Noodles brand Maggi got into more trouble on Wednesday after the Centre lodged a complaint with the National Consumer Disputes Redressal Commission against the Indian arm of the Swiss manufacturer, Nestle, and the Delhi government imposed a 15-day ban on the sale of the product.
Several States, including Maharashtra, Tamil Nadu, Karnataka, Kerala, West Bengal and Odisha, have decided to send samples for testing, while Army canteens too have stopped sale. The Future Group’s 700 food outlets, including Big Bazaar, have also taken them off their shelves.
Union Health Minister J.P. Nadda said on Wednesday that his Ministry would take appropriate action against instant noodles brand Maggi, based on the reports from all the States.
“We are waiting for the reports from the States. We will have a meeting and accordingly action will be taken. No laxity will be shown,” Mr. Nadda said.
Meanwhile, the Central government’s 300 Kendriya Bhandar outlets and Future Group’s 700 food outlets, including Big Bazaar, have taken the product off their shelves.
The Delhi government ordered the 15-day sale ban after 10 of the 13 samples sent for testing were found to be containing monosodium glutamate (MSG) and lead in excess of the prescribed limit.
“Five samples were found to have high levels of MSG. Of the 13 samples we lifted, 10 packets of Maggi had lead content beyond the prescribed limit of 2.5 pm. On an average, the lead content was found to be 3.5 pm,” said Delhi Health Minister Satyendar Jain.
He added that Nestle India has been asked to recall its entire stock in the market.
“Action will be initiated against Nestle for selling unsafe product and a fine maybe imposed on it for misbranding,” the Minister said, adding that sale of the product will be allowed only after a review.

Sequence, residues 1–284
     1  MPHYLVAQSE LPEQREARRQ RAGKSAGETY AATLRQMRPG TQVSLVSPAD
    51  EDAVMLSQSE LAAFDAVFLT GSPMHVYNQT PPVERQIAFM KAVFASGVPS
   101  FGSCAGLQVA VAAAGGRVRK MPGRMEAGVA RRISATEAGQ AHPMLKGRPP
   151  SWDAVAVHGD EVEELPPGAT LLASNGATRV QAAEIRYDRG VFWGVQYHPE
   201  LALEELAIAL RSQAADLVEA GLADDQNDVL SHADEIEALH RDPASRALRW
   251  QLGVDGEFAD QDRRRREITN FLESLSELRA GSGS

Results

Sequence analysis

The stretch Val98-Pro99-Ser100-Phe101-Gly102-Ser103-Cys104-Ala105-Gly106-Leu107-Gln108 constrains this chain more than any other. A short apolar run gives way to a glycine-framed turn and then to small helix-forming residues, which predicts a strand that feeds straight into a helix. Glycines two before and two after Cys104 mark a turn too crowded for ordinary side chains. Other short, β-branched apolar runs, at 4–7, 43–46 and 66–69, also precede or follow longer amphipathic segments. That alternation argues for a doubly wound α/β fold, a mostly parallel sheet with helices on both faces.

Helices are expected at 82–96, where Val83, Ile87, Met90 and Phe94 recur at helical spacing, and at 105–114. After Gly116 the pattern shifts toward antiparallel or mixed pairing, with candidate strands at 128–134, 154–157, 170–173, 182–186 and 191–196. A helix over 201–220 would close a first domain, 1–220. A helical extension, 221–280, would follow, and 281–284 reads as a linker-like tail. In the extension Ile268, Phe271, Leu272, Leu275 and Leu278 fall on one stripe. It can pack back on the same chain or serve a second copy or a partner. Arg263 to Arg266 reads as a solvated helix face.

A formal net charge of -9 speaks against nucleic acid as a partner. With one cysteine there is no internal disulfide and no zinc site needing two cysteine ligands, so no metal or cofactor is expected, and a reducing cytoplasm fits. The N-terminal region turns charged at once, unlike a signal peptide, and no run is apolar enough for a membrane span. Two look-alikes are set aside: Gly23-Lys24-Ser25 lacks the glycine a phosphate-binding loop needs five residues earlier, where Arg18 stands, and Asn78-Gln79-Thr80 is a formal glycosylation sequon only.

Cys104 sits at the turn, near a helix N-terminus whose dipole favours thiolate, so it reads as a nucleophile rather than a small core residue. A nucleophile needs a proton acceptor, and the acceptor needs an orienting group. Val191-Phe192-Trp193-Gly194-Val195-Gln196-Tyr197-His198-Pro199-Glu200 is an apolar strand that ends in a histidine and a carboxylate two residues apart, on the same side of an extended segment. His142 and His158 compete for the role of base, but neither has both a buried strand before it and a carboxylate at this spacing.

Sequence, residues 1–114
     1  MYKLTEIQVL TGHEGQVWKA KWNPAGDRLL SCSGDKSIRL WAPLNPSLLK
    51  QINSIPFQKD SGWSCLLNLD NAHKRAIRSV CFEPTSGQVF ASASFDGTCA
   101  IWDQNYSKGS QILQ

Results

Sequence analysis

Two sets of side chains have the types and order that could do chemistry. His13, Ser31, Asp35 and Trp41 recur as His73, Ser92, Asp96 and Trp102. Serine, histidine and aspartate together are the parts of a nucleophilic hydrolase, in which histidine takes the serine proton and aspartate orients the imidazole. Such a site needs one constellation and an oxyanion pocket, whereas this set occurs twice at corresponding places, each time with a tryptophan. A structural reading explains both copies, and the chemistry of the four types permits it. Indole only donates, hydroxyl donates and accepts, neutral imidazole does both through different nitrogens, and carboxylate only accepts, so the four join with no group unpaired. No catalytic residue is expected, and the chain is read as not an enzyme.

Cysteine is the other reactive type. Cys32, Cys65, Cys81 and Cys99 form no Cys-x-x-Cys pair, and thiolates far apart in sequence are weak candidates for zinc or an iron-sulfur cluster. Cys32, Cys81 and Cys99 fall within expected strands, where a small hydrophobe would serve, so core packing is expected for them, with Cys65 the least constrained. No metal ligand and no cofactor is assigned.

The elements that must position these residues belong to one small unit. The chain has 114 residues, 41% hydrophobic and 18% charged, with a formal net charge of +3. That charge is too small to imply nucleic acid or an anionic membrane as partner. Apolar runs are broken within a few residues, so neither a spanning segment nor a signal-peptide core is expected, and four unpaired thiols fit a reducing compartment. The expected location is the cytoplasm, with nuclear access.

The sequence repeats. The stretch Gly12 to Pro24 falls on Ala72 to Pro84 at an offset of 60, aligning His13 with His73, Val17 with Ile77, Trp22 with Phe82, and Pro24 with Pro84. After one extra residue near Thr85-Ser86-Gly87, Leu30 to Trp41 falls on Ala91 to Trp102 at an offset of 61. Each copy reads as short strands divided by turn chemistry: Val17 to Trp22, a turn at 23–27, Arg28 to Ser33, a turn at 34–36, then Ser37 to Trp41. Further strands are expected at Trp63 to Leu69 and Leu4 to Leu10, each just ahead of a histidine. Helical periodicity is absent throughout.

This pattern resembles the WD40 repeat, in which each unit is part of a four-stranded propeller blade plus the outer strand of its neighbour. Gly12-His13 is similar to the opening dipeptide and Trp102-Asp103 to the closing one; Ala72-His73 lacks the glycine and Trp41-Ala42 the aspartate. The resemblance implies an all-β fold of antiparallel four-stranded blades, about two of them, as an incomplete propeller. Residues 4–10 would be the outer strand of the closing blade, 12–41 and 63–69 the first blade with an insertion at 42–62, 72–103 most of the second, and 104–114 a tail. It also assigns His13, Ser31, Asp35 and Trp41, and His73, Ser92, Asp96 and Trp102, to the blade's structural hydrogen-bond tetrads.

Union Food and Consumer Affairs Minister Ram Vilas Paswan said: “This is a very serious issue as it concerns the safety of consumers. Therefore, for the first time, the government has suo motu complained to the Consumer Commission to take cognisance of the matter on behalf of a class of consumers.”
Asked about the ban imposed by certain States, Mr. Paswan said: “If States impose a ban on the product, what can the Centre do?”
Branded chips under the scanner
Some other products such as Kurkure and branded chips have also come under the scanner following the Maggi controversy.
“Several companies do not adhere to food safety standards in India. There should be continuous market surveillance for safety standards,” an official source said.
Maggi samples in Uttarakhand and Uttar Pradesh were found to contain higher levels of lead and taste enhancer MSG than the prescribed limits. The MSG is released from the ingredients that go into the making of the masala in the noodles packet. “To say ‘no added MSG’ is misleading,” the source said.
“We have already issued circulars for taking the product off the shelves in all Kendriya Bhandars. Unsold Maggi noodles will be returned to the manufacturer,’’ Kendriya Bhandar managing director Jagdeesh Bhatia told The Hindu.
A Future Group spokesman said that in the interest of consumers, the retail major has stopped selling the brand in all its stores for the time being. “We will wait for more clarity from the authorities to take any further action,” the spokesperson added.
Maggi samples tested in Goa, however, have been found safe for consumption. Goa Food and Drugs Administration deputy director Jyoti Sardesai said they had tested five samples so far and they have turned out negative. Test results of two more samples are awaited, she added.
Nestle has been claiming that the lead levels in its product are under prescribed limits in its own sample tests, but has been silent on MSG.
The Centre for Science and Environment has welcomed the initiative for testing processed food for contaminants.